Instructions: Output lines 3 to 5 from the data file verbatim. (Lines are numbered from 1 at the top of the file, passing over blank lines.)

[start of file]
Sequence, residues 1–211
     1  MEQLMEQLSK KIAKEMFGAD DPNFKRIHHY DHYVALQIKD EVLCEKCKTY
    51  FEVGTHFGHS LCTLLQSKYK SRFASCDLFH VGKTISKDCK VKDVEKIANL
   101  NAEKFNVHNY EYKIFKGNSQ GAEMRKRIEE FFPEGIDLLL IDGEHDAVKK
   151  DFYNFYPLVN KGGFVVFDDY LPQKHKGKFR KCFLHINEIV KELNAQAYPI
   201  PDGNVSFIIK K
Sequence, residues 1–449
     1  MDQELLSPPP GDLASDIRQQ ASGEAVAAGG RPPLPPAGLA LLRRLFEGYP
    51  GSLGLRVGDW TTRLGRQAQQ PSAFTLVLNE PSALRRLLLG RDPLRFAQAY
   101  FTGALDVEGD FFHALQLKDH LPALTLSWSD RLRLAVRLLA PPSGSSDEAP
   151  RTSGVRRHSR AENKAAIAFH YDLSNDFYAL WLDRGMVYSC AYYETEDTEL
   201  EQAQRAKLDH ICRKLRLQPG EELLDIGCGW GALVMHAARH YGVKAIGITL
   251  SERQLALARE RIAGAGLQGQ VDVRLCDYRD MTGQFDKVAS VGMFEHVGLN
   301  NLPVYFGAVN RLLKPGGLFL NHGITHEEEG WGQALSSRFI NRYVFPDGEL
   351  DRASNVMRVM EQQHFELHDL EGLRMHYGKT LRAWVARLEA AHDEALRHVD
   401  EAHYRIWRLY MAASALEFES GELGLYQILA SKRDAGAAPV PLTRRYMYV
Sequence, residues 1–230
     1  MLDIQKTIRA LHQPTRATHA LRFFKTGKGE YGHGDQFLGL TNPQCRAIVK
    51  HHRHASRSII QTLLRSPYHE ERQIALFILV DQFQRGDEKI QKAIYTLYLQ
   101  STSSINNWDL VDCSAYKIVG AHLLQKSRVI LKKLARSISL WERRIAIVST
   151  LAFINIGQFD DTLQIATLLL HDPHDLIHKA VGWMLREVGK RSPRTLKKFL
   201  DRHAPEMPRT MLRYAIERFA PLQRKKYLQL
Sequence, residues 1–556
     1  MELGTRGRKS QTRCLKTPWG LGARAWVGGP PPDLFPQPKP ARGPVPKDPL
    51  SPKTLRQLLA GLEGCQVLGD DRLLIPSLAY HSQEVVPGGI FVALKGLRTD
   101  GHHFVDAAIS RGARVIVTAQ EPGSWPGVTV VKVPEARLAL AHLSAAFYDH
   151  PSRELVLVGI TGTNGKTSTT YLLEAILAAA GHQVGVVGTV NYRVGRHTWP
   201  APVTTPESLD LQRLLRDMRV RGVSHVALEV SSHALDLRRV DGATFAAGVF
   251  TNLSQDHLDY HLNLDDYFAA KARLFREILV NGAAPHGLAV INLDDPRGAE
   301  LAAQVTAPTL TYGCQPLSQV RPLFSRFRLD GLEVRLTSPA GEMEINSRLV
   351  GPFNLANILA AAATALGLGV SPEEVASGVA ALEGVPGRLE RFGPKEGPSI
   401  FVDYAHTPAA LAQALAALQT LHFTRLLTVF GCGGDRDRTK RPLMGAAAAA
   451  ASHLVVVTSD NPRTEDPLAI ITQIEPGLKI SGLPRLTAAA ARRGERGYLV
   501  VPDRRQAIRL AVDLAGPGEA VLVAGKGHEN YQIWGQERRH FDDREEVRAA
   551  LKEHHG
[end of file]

    51  FEVGTHFGHS LCTLLQSKYK SRFASCDLFH VGKTISKDCK VKDVEKIANL
   101  NAEKFNVHNY EYKIFKGNSQ GAEMRKRIEE FFPEGIDLLL IDGEHDAVKK
   151  DFYNFYPLVN KGGFVVFDDY LPQKHKGKFR KCFLHINEIV KELNAQAYPI